A second regional Interpol training kicked off yesterday at the Rwanda National Police headquarters in Kacyiru, as countries continue charting ways to strengthen measures against cross-border crimes.
The two-day course brings together 20 heads of cyber crime units from 18 African countries and Interpol staff to share knowledge and best practices in cyber crime investigation and digital forensic procedures and tools.
It will also provide executive level training in judicial issues such as evidential standards, admissibility of evidence and proving guilt.
The Deputy Inspector General of Police (operations), Dan Munyuza, who opened the course, said criminals use technology to “execute their evil plans,” which requires Police forces to work together to foil their illegal plans .
“Information technology is an important tool in Policing and development in general. Unfortunately, it has also been used by criminals in their illegal acts, which affects individuals and countries,” Munyuza said.
“No single country can fight cyber crime alone; cooperation is vital to combat such crimes,” he added.
The course was organised by Rwanda National Police in partnership with Interpol.
Sanjay Virmani, the Interpol director of Digital Crime Centre, said cyber crime has become endemic, making the sharing of information, expertise and working together paramount.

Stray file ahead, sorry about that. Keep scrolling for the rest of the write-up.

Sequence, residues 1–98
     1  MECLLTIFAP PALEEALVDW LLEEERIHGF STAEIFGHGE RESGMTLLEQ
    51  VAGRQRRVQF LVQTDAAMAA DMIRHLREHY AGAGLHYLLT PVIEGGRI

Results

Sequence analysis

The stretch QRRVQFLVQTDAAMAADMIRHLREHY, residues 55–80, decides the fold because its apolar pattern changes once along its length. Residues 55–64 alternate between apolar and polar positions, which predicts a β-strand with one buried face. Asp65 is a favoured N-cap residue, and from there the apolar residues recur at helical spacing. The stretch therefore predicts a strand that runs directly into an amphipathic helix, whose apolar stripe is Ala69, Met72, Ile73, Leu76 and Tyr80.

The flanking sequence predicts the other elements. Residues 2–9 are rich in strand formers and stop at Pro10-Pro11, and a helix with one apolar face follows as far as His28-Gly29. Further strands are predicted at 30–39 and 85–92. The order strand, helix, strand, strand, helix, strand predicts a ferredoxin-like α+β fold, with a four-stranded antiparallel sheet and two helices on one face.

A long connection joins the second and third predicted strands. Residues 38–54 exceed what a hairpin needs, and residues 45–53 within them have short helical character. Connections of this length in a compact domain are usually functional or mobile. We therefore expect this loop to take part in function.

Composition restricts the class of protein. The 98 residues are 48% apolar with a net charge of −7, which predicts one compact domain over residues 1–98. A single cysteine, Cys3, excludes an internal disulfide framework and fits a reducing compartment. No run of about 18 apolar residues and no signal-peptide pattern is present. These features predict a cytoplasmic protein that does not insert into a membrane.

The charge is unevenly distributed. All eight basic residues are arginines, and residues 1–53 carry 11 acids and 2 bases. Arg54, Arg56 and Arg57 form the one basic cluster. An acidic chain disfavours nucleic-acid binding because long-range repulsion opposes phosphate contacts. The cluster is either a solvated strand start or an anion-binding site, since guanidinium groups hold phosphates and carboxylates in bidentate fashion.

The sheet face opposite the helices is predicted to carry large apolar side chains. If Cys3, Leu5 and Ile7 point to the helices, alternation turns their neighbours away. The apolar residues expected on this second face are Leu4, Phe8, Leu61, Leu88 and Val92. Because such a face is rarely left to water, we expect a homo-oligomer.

Vision of training
The training will facilitate collaboration between national cyber crime units and their national Interpol bureaus.
Meanwhile, another four-day cyber crime investigation course of 31 Interpol officers from Zone V countries ended Wednesday with a call on the officers to make good use of skills acquired to investigate cyber-related crimes.
“Cyber crime is one of the most sophisticated crimes and related acts pose great threat to the world, which necessitates cooperation to share timely information and expertise to deal with it effectively,” IGP Emmanuel Gasana said while closing the course.
The officers were also taught social media investigation, as well as how to preserve and report online data.
Cyber crimes include fraudulent sales, hacking, and selling of personal and private online information.
Interpol Zone V countries are Malawi, Ethiopia, Eritrea, Ghana, Seychelles, Swaziland, Zambia, Sudan, Botswana, Namibia, Zimbabwe and Nigeria.
Others are Tanzania, Uganda, Kenya, Burundi, Mauritius, Djibouti, Lesotho, Mozambique and Rwanda.